Hysterical Franz Liszt

When Liszt (1811 - 1866) played the piano, ladies flung their jewels on stage instead of bouquets. They rushed madly to the stage to fish out the stub of cigar that Liszt smoked and the ladies who recovered them carried them in their bosom to the day she died. Other ladies came away with priceless... Continue Reading →

Treatment of Tempo Rubato in Chopin

Chopin detested  public appearances, and thus he would seldom make appearances outside of the salons. He was fading away due to the onset of his tuberculosis, and his physical strength weakened  to the point that he was unable to play forte. He came to compensate for this weakness by using pianissimo with an infinite degree... Continue Reading →

The Father of the Poet

Chopin (1810 – 1849) was a slender, refined looking man, not weighing more than a hundred  pounds, with a prominent nose, brown eyes and a pale complexion with beautiful hands. He was a snob but also a social butterfly. He dressed in the latest fashions, had a precise mind and manner,  and could also be... Continue Reading →

Romanticism in Europe

Most Romanticism pianists were born around the same time. –Felix Mendelssohn in 1809, Chopin 1810, Liszt 1811, Thalberg 1812 and Henselt in 1814. Musicologist have done extensive work studying the baroque and pre-baroque music to the extent that they ignored the nineteenth century. Hence, musicians today are beginning to understand the eighteenth century value and... Continue Reading →

Pianist in Transition – Part 2

Friedrich Kalkbrenner (1785 – 1849) Like Clementi, Kalkbrenner was an old school pianist who advocated for fingers close-to-keys. He, however, was a more superficial musician, was self-centered and preferred himself to any other pianists. He only associated himself with English and French nobility and forgot his common origins. Kalkbrenner made great effort to make acquaintances... Continue Reading →

Pianists in Transition – Part 1

There are four very important pianists prior to the arrival of the romantic pianists: John Field, Johann Nepomuk Hummel, Friedrich Kalkbrenner and Ignaz Moscheles. Kalkbrenner was a virtuoso with the most superficial brilliance. Field was the most poetic pianist and the one who came closest to Chopin’s style; Hummel was a classicist; Ignaz Moscheles was... Continue Reading →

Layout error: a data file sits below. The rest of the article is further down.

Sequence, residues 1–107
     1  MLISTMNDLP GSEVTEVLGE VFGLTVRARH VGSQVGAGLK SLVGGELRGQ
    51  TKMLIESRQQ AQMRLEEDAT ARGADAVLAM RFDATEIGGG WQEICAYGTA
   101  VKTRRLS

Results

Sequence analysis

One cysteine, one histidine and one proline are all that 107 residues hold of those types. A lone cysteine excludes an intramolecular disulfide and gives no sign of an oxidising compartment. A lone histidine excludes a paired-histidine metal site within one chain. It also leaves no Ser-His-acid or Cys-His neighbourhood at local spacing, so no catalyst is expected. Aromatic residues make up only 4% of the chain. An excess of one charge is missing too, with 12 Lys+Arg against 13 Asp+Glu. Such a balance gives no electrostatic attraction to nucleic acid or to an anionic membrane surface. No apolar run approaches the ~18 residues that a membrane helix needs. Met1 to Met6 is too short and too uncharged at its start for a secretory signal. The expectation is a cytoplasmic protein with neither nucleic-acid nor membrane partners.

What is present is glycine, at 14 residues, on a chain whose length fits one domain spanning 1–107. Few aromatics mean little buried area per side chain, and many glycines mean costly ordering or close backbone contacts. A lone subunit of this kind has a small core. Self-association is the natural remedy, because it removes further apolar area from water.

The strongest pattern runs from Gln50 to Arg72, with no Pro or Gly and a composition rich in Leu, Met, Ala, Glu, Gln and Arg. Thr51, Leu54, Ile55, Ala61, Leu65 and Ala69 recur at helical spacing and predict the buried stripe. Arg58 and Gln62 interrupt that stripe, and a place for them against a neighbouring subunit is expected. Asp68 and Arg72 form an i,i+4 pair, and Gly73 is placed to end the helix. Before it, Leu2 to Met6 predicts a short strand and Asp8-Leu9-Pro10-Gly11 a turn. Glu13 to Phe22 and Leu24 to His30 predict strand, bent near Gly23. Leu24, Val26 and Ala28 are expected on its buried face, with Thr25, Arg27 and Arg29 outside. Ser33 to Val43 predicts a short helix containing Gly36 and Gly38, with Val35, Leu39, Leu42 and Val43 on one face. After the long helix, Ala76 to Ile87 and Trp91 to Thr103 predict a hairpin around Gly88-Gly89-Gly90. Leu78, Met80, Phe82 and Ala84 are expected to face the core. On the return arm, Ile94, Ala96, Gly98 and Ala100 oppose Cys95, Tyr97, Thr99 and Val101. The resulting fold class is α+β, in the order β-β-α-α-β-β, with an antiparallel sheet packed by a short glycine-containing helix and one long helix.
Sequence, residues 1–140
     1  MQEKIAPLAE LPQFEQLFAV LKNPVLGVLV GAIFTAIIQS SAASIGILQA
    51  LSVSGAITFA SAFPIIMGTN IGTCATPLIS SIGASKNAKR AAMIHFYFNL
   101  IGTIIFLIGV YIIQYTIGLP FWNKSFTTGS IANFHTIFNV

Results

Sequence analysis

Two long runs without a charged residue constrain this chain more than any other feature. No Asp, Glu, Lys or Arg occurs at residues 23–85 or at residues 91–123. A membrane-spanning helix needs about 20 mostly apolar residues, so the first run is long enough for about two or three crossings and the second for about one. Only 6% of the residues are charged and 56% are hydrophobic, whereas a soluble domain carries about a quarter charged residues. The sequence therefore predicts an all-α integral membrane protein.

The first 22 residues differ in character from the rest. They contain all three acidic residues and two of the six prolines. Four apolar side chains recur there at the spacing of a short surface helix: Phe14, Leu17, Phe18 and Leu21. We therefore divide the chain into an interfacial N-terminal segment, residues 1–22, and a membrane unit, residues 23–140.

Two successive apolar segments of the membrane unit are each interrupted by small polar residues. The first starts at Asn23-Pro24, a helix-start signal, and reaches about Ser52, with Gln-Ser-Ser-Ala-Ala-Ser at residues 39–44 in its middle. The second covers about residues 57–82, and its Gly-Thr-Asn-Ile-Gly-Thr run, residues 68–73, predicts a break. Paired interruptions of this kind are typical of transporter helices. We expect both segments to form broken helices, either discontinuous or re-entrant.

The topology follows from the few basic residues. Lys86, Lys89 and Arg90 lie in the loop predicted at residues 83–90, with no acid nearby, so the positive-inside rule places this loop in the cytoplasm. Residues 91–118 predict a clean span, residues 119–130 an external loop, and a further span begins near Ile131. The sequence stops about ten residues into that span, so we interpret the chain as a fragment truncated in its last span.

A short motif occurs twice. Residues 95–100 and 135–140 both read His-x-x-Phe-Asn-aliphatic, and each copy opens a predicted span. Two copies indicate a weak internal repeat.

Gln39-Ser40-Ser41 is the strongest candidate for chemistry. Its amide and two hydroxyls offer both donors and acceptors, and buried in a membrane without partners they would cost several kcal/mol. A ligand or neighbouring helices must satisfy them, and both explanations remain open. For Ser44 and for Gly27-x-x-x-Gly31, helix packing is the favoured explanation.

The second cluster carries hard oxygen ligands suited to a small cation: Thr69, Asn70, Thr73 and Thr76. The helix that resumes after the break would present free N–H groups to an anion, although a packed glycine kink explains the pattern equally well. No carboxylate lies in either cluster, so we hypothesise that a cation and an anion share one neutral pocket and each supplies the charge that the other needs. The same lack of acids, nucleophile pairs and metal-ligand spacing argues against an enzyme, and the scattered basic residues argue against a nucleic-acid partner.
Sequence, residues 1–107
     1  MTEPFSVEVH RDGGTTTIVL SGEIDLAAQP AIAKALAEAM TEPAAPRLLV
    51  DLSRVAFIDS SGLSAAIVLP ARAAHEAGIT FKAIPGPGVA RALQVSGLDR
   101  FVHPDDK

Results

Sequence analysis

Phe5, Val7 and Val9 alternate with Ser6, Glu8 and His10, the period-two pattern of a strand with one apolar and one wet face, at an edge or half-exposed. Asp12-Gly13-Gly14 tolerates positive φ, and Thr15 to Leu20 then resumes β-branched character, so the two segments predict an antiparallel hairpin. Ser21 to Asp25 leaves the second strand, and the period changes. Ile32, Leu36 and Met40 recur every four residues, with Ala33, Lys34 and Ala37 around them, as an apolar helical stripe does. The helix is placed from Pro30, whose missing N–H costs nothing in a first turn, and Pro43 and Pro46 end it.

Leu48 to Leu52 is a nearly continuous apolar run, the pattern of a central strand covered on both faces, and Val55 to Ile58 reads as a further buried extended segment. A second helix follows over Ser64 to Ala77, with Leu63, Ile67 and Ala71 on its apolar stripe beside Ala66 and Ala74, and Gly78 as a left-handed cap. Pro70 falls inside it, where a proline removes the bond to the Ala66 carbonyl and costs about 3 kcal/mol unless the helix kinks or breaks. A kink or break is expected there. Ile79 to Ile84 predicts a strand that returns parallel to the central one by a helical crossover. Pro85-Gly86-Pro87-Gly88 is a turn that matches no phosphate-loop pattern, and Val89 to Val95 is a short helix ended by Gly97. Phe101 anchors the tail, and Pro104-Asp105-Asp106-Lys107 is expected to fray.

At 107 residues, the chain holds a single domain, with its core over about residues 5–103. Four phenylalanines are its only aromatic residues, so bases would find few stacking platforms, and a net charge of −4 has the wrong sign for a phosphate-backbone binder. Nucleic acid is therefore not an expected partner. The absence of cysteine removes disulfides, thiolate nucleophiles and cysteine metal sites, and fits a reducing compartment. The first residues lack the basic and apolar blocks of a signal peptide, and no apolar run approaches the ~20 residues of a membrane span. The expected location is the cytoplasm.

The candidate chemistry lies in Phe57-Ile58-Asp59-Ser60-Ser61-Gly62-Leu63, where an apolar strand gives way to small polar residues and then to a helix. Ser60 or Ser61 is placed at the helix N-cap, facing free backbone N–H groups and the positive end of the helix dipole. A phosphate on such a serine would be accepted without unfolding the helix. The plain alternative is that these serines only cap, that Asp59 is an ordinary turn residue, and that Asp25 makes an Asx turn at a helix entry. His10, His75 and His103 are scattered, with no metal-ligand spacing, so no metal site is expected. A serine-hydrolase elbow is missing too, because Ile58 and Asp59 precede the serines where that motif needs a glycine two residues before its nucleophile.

Who is Mozart’s Rival

The Italian-born English Virtouso, Muzio Clementi (1752 – 1832), who was four years Mozart’s senior, was not too well known on the continent but after his first tour in 1780, his reputation swept over Europe. Emperor Joseph II arranged for competitions between the greatest Austrian pianists and the greatest pianists outside of Austria. The great... Continue Reading →

The Grumpy Pianist

Ludwig van Beethoven (1770 – 1827) can be considered as the first Romantic Pianist (1770 – 1850), and he broke all the rules in the name of expression. In the nineteenth century the word ‘expression’ was the replacement of the eighteenth century word ‘taste’. He thought of music orchestrally and achieved the effect of orchestra... Continue Reading →

The Child Prodigy

At three, Wolfgang Amadeus Mozart (1756 – 1791) was picking on the harpsichord, carefully selecting the thirds and other consonances. This amused him endlessly. At four, he was studying a little minuets; at five he was composing and had perfect pitch where he could spot a quarter tone out of tune on the trumpet that... Continue Reading →

Website Powered by WordPress.com.

Up ↑